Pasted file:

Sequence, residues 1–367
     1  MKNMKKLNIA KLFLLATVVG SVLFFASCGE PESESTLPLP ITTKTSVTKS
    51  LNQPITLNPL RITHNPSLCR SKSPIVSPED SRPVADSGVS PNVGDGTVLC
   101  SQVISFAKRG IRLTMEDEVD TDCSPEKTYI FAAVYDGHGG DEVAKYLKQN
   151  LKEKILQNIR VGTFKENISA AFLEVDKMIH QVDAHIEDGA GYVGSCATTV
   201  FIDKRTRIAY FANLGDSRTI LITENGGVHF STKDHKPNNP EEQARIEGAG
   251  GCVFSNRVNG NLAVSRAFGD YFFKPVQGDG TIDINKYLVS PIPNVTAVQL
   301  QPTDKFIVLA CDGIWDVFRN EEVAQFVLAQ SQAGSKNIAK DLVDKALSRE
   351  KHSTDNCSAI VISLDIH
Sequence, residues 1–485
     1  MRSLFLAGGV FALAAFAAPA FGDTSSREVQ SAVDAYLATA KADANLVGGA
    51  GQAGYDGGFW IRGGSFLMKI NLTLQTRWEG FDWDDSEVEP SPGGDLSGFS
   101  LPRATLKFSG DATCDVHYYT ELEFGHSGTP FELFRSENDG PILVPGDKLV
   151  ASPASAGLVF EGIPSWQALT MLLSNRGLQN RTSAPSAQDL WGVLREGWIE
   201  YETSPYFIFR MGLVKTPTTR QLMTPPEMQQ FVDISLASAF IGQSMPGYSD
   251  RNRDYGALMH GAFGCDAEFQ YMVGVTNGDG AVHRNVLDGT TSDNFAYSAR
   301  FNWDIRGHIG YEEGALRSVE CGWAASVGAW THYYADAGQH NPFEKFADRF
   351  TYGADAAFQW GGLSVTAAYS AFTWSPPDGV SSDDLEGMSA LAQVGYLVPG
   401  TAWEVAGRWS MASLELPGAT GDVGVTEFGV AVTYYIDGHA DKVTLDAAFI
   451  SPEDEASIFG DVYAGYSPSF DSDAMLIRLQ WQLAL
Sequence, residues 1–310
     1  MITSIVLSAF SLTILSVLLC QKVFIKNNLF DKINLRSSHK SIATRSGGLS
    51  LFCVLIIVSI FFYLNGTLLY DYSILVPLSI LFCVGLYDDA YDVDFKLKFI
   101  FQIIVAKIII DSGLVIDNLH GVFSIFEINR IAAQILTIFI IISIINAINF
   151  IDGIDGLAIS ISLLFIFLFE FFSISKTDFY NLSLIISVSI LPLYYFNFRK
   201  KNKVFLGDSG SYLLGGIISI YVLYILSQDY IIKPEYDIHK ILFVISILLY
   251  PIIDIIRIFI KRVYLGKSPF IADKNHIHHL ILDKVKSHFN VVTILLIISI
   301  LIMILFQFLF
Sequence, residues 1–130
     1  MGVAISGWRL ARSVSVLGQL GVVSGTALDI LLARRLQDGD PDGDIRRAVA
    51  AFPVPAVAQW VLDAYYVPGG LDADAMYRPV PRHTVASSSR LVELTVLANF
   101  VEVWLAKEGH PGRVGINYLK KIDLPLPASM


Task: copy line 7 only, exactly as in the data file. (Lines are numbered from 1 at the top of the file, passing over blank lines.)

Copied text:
   251  GCVFSNRVNG NLAVSRAFGD YFFKPVQGDG TIDINKYLVS PIPNVTAVQL